Carol S. Hansen

Public Finance Entrepreneur

Denver, CO

You don’t have to know exactly how to do a job before accepting it. You just have to be willing to work hard to learn how to master the task at hand.

I had just been hired as a Series 7 Licensed Sales Assistant to a significant “market maker” at a major stock brokerage. I was 23 years old, married and had dropped out of college the year before. I thought this new position could be my stepping stone to a professional career as a stockbroker.

Six months into my employment, the office manager called a staff meeting and announced that our receptionist had resigned and she was considering asking each of us to take shifts at the front desk. She paused and added, “Does anyone have thoughts on the subject?” At first, I was afraid to speak up. But then I realized that if I didn’t speak up, who would? I shared that I had worked hard to move beyond the role of receptionist and my skills were better used in the job for which I was hired. Even though none of the other assistants chimed in, I felt satisfied that I had stood up for myself. At the very least, I thought the office manager might consider my comments and exempt me from duty.

The next day she handed me my shift schedule. She had completely disregarded my opinion.

I resigned.

Back on the job market, I considered my position. I didn’t have a college degree and I had chosen to resign from a well-respected company — two immediate resume killers. Determined to move forward with a positive attitude, I set a goal of finding a professional position. I wanted to continue exposing myself to new things and decided I wouldn’t settle for a less-than-challenging role.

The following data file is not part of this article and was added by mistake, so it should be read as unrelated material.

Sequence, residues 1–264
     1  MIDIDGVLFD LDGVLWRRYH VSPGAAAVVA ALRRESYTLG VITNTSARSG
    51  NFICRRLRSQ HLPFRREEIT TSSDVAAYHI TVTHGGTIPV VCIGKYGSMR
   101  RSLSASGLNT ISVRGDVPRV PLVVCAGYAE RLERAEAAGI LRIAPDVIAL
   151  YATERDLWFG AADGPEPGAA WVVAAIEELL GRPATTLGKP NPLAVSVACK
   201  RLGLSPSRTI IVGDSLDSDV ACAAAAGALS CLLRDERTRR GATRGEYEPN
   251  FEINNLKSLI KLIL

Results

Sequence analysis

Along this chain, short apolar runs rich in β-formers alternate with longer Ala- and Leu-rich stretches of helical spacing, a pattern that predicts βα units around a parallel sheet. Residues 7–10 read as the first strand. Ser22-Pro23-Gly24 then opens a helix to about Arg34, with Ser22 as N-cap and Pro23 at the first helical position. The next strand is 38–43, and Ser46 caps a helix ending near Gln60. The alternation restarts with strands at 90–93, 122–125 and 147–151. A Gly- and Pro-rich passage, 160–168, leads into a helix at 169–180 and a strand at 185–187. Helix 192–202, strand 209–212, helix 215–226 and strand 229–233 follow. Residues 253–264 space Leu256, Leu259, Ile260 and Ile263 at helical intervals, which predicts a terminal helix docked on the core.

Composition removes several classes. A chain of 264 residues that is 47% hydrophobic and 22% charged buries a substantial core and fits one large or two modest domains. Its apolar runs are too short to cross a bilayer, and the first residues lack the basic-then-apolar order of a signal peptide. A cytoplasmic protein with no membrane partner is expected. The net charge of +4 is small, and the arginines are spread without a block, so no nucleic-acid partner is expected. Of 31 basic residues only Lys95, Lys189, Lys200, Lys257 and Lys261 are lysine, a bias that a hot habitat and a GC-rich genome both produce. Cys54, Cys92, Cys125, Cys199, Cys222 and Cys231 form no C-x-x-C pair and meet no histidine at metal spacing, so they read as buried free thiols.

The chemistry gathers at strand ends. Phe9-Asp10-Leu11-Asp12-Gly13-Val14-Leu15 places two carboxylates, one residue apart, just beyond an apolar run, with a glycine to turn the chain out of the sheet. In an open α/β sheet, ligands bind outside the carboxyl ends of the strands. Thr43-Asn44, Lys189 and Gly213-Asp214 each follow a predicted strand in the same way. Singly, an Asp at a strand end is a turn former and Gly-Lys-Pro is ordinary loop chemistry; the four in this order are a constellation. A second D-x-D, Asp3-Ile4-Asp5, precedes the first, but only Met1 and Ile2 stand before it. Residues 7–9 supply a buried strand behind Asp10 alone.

My job search led me to a small company that taught me the art of public finance. My new position wasn’t glamorous, but I stayed true to my commitment to having a professional role, not a supporting one. At the same time, I learned the ins and outs of public finance (I used to joke that God told my boss what “the interest rate was.”) I also learned to be self-sufficient in business. I spent three years getting a fantastic education with this company, which led to my being hired by a national bank, which was the launching pad to founding my own company.

It still crosses my mind, what if I had stayed quiet, taken my assigned shift as receptionist and done my tasks as asked? Such a small moment, a seemingly insignificant decision, that likely set me on the path to where I am today. My company is celebrating its 20th anniversary this year. It was my not settling for “good enough” that gave me the drive and the opportunity to become a majority shareholder of my own business. My company competes with every large financial institution in the United States, and good enough still doesn’t cut it.

I truly believe that we often lean back from new opportunities because we feel we are supposed to have mastered a role before we even begin. As I learned early on, you don’t have to know exactly how to do a job before accepting it. You just have to be willing to work hard to learn how to master the task at hand. Lean in and trust that you will figure it out.

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